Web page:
BUGGING THE POLICE

A FEDERAL HEIGHTS MAN TUNES INTO THE COPS, TURNS ON HIS FANCY RADIOS AND GETS BUSTED.

The Colorado wiretapping law does specifically allow monitoring of all police radio communications that are "readily accessible to the general public." It is illegal to intercept "scrambled" transmissions, but any talk that isn't encrypted is fair game for eavesdroppers, the law says.

The same holds true under federal law, says Chris Haskell, a spokesman in the FCC's Denver office. "Unscrambled stuff can be listened to, as far as we're concerned," Haskell says.

The question, Denver authorities say, is whether Triska violated the state's "readily accessible" rule. Deputy District Attorney Lamar Simms, while declining to comment specifically on the case, notes that it takes "extraordinary" steps to be able to listen to Denver's covert talk groups.

"There are people that would love to have these channels," Simms says. "The point is, they're not supposed to."

Triska, though, points out that it's possible to hear any individual police transmission--even one from a covert talk group--with a conventional scanner; it's just the complete conversations that are difficult to follow. In his book, that means that all police talk must be considered "readily accessible" and that taking additional steps to track conversations--like programming a trunked radio yourself--is entirely within the law.

After getting a tip, Denver police began investigating Triska in February. According to the search-warrant affidavit, Detective Mumford posed as the owner of a towing company, called Triska and asked him if he would program a trunked radio so it carried all of Denver's talk groups. Triska told Mumford he could have it done for a $600 fee.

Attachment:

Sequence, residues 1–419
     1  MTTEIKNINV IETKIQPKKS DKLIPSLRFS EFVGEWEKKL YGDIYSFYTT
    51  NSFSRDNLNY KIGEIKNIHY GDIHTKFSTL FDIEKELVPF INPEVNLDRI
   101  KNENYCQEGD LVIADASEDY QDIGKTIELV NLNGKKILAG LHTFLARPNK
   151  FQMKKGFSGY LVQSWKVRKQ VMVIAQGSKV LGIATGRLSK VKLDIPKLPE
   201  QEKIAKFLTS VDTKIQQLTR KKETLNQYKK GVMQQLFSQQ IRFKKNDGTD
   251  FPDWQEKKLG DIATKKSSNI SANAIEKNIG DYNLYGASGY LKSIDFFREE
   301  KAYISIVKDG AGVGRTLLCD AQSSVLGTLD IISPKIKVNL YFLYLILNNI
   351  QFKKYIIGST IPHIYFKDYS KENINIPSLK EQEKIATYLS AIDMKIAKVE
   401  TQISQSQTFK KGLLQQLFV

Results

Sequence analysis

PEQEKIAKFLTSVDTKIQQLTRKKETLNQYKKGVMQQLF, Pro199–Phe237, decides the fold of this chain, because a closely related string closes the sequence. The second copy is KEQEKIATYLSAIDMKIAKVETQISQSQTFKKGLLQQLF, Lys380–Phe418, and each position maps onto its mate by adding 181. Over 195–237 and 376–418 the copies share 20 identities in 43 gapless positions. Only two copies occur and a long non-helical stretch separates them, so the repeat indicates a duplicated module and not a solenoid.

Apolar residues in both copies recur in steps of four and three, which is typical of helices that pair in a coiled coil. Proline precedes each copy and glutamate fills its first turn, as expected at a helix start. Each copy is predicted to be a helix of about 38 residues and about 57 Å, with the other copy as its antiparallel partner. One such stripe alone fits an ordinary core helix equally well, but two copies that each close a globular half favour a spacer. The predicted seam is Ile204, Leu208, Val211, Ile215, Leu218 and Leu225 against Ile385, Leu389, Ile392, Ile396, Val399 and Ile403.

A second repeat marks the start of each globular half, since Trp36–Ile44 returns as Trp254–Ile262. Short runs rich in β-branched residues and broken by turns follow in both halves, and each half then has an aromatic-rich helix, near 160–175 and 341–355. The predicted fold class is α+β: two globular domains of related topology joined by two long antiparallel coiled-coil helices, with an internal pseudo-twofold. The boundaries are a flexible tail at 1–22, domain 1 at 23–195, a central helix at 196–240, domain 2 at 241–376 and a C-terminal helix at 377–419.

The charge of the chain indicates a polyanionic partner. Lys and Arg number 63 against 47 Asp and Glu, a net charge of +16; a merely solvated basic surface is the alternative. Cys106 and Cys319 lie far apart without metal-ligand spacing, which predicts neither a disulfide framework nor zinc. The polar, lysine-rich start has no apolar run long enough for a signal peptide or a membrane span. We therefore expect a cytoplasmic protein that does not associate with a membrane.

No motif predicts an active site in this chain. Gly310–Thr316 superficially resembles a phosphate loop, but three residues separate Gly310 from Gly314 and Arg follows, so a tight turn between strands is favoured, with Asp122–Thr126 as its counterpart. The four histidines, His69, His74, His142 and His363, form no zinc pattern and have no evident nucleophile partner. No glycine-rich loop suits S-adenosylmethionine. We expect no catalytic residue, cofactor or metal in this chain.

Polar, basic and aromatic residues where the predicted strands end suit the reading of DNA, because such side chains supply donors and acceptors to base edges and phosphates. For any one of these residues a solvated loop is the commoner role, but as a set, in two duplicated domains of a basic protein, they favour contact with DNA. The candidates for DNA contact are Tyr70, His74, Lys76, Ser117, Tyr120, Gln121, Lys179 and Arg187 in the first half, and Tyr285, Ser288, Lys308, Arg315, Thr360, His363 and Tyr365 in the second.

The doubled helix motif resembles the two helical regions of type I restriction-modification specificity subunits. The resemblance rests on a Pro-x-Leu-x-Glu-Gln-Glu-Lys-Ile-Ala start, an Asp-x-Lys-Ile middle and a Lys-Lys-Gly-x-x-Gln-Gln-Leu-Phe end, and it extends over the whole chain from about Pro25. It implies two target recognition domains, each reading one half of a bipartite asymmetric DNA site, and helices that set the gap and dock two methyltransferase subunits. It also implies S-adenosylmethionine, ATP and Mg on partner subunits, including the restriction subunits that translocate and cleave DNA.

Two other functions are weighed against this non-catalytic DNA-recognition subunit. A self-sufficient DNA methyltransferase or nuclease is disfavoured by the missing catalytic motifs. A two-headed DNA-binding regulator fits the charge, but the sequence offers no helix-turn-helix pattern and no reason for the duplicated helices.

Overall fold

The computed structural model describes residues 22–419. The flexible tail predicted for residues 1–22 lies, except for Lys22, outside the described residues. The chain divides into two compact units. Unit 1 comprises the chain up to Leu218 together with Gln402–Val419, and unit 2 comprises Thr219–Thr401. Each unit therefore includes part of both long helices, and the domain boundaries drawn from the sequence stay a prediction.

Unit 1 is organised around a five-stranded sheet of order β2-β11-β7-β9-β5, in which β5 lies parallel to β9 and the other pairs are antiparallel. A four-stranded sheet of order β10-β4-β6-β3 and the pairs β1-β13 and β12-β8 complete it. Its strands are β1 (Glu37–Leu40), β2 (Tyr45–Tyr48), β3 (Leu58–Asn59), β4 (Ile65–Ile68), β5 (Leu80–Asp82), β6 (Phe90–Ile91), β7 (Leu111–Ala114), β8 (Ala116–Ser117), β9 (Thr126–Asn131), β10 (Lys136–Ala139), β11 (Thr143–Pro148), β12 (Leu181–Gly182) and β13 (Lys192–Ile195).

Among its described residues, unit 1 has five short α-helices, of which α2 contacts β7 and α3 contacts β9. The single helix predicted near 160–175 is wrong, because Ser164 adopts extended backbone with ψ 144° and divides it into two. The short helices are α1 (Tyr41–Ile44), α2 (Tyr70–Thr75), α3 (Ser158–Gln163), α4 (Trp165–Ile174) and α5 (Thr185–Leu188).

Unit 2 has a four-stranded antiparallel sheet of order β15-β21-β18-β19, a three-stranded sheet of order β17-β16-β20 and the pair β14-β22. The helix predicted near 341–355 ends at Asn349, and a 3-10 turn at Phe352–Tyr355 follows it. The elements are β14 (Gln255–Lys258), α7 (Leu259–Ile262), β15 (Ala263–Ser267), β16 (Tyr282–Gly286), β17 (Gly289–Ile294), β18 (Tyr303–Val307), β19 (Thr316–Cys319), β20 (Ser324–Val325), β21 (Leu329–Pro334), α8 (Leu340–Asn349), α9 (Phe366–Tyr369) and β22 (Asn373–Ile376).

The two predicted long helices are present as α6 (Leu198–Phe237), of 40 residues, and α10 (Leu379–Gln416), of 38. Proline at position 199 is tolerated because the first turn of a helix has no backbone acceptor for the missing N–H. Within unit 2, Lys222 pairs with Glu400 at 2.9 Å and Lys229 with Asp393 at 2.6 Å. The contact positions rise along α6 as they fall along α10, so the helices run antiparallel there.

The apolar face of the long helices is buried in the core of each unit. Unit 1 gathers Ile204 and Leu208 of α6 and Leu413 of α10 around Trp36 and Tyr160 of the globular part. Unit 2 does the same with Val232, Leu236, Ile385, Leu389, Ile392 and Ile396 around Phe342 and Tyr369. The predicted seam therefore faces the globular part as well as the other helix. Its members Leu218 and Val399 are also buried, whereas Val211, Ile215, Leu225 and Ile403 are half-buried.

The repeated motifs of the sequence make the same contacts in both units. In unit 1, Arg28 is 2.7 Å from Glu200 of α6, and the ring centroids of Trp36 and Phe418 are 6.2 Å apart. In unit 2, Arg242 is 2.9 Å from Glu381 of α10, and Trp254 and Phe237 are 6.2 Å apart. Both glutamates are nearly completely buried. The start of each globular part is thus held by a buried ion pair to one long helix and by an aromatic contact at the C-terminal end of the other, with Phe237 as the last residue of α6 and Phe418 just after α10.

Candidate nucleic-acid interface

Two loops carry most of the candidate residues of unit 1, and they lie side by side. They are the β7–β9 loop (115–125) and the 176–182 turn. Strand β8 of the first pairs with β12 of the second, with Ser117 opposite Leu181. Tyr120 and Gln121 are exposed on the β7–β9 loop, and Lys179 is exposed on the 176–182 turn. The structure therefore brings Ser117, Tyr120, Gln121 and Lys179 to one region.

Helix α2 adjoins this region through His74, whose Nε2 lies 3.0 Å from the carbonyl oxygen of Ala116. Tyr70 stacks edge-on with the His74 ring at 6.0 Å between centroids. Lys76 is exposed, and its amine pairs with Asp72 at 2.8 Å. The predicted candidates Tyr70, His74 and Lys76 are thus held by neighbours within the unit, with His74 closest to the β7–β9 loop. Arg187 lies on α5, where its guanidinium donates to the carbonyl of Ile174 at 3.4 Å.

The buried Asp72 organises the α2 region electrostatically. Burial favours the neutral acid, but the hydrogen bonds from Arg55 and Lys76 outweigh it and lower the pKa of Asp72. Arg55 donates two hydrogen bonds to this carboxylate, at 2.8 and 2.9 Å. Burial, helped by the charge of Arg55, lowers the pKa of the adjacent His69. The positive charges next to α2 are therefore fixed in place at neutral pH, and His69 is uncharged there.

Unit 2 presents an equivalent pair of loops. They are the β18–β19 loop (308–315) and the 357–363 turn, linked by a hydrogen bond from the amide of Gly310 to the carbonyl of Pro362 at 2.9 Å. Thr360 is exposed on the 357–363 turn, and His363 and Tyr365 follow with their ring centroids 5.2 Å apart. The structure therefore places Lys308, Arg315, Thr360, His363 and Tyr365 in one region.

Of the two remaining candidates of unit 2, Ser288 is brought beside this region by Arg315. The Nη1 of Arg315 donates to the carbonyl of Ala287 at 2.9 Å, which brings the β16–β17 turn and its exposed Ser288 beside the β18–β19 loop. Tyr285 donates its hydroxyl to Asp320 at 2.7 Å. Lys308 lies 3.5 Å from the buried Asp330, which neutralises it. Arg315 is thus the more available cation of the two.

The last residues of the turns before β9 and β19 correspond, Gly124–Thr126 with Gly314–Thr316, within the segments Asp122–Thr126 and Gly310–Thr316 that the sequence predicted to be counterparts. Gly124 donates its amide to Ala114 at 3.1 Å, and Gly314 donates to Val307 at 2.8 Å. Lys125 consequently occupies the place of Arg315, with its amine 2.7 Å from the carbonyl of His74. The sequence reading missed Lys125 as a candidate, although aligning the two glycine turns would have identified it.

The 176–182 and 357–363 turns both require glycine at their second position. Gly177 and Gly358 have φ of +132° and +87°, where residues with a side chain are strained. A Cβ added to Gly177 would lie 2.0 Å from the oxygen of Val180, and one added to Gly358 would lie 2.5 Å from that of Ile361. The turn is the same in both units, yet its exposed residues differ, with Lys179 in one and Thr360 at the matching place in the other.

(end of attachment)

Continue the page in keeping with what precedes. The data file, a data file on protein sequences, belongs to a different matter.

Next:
"At one time during the conversation, Triska talked about illegally hooking up cable TV in Denver and bypassing the TCI cable system for people that he knew so they wouldn't have to pay for service," the affidavit says.

Police searched Triska's mobile home on Federal Boulevard on March 9, walking away with several radios, monitors, notebooks and other equipment.

Triska, who denies he ever did cable hookups for anyone, now fears he may be charged with wiretapping, a class 6 felony. He blames his plight on Larry Fenstemaker, head of the Denver Police Department's Electronic Engineering Bureau. Fenstemaker, who Triska says is known as "the Fuhrer" by local radio buffs, is carrying out a "personal vendetta" against him, Triska says.

Fenstemaker declines to discuss the case. "I'm not allowed to comment about it," he says.

Triska has vowed to sue the police if they don't return his equipment. He says the fact that he hasn't been charged with a crime yet--more than a month after the search--is an indication that authorities know they're on shaky legal ground in the case.

"If they've got so much on me, how come I haven't been arrested?" Triska says. "It's harassment from the word go. There's no two ways about it.

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